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Publication numberUS7516645 B2
Publication typeGrant
Application numberUS 11/808,382
Publication dateApr 14, 2009
Filing dateJun 8, 2007
Priority dateJan 16, 2003
Fee statusPaid
Also published asDE602005013860D1, EP1621412A2, EP1621412A3, EP1621412B1, US7475587, US20050109075, US20070277622, US20090164147
Publication number11808382, 808382, US 7516645 B2, US 7516645B2, US-B2-7516645, US7516645 B2, US7516645B2
InventorsPhilip W. Kithil, James L. Novak, Daniel J. Du Rocher
Original AssigneeMethode Electronics, Inc.
Export CitationBiBTeX, EndNote, RefMan
External Links: USPTO, USPTO Assignment, Espacenet
Omni-directional crash sensor
US 7516645 B2
A stress wave sensor comprising a piezoelectric film and means therein for connection to sensor electronics. The piezoelectric film preferably comprises polyvinylidene fluoride. Also a stress wave sensor system and methods employing one or more such stress wave sensors, preferably attached to a vehicle transparent component, most preferably to the vehicle windshield.
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1. A method of characterizing a vehicle crash condition by reference to output from a plurality of sensors each comprising a piezoelectric film, the method comprising the steps of collecting output from the plurality of sensors; and analyzing one or more of the group consisting of: one or both of amplitude and rise time of each sensor's output; each sensor's output in a plurality of frequency bands, preferably from at least bands at about 1 kHz-2.5 kHz and 5 kHz-20 kHz; and time differentiated outputs of the sensors.
2. The method of claim 1, wherein the piezoelectric film comprises polyvinylidene fluoride.
3. The method of claim 1, wherein the analyzing step comprises estimating either or both of a vehicle crash origin point and a crash severity.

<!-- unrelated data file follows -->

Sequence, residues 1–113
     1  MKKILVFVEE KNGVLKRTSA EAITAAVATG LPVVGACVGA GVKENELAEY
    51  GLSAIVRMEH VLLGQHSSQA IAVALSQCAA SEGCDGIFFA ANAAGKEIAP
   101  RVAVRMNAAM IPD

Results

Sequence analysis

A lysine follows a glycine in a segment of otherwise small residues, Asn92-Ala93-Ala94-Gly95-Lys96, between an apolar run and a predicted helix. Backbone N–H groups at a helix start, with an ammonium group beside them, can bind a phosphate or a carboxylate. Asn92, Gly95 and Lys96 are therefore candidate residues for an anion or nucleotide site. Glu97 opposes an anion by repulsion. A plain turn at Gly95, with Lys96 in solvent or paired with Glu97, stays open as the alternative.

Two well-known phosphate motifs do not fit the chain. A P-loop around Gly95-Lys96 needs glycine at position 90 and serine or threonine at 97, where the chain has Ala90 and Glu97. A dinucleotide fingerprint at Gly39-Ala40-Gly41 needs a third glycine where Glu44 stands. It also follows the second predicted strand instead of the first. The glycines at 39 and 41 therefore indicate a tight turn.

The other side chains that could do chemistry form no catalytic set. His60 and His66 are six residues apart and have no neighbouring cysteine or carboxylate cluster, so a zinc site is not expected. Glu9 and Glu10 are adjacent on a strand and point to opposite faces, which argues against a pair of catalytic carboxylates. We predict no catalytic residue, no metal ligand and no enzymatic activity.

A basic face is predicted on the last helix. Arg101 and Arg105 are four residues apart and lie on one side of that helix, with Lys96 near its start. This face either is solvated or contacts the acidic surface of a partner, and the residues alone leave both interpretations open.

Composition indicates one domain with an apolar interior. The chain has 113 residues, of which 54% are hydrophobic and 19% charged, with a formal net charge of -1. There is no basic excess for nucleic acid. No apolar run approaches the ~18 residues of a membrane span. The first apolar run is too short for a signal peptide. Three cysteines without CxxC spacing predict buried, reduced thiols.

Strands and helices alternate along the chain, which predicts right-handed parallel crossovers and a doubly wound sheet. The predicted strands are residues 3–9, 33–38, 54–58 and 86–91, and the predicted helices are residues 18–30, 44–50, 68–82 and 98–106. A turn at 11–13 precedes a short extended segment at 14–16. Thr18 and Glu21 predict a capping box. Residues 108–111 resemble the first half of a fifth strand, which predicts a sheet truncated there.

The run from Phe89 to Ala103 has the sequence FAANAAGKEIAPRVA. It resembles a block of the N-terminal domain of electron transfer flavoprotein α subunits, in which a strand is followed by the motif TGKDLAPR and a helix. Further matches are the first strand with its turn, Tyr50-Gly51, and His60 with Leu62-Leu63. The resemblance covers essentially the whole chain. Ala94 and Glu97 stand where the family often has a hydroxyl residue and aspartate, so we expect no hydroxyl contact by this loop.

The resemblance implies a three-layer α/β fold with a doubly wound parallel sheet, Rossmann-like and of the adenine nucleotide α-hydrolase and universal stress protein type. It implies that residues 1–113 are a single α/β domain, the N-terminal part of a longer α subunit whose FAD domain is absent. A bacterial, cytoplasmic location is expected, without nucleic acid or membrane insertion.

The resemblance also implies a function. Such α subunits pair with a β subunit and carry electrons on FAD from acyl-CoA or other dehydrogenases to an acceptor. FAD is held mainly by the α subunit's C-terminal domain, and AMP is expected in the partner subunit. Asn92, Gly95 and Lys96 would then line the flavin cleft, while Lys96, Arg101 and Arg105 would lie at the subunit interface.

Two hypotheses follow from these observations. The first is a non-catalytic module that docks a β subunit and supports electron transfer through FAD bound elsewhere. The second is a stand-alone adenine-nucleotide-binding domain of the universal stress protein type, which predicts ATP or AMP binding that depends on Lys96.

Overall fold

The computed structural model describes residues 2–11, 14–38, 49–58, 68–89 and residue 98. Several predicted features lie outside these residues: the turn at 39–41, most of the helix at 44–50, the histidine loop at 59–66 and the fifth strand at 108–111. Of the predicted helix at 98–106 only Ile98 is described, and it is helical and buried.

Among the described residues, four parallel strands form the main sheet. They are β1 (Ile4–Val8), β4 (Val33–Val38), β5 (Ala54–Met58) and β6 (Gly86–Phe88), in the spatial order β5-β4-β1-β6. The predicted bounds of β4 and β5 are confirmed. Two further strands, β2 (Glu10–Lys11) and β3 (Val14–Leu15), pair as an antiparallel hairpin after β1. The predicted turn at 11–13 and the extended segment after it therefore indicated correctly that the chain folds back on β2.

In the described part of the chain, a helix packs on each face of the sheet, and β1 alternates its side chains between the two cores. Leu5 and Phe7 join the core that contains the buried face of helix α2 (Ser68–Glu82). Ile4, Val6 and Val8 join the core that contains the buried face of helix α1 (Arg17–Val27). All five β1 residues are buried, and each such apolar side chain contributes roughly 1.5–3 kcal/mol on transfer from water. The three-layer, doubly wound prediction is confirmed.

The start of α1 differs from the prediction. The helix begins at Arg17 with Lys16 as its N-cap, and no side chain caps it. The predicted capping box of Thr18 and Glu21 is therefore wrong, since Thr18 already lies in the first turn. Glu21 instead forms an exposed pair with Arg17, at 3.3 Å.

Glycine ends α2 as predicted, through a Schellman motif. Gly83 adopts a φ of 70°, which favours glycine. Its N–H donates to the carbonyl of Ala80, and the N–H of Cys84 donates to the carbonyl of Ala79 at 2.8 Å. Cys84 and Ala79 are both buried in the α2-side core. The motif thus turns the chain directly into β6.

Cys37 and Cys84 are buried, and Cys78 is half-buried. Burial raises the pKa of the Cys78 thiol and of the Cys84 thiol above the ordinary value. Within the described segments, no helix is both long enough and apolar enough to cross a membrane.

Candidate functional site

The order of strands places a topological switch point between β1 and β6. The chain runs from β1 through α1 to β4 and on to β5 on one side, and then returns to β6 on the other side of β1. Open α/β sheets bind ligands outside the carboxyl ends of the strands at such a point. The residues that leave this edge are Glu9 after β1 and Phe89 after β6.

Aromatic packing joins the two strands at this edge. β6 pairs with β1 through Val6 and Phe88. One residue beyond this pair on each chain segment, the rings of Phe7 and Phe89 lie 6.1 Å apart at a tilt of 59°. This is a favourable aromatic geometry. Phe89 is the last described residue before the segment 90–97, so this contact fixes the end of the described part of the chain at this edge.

4. The method of claim 1, wherein the plurality of frequency bands include at least the ranges 1 kHz to 2.5 kHz and 5 kHz to 20 kHz; and time differentiated outputs of the sensors.
5. The method of claim 2, wherein the plurality of sensors are attached to a vehicle transparent component.

This application is a Divisional application of U.S. patent application Ser. No. 10/902,000, entitled “OMNI-DIRECTIONAL CRASH SENSOR,” filed Jul. 30, 2004, which claims priority to PCT Application No. PCT/US03/01603, entitled “OMNI-DIRECTIONAL CRASH SENSOR,” filed Jan. 16, 2003 which is expressly incorporated by reference herein.


The present invention relates to impact detection, particularly to crash detection for motor vehicles.


Patent Cooperation Treaty (“PCT”) Application No. US00/04765 and the art discussed therein relate to detecting forces applied to transparency products such as automotive glass. PCT US00/04765 discloses various sensors, including capacitive sensors, embedded in or adhered to glass products, which are sensitive to physical forces applied to the glass product. In a vehicle crash sensing and occupant protection system, multiple sensors are used to determine the origin of the impact and other useful characteristics of the crash, to optimize the occupant restraining devices.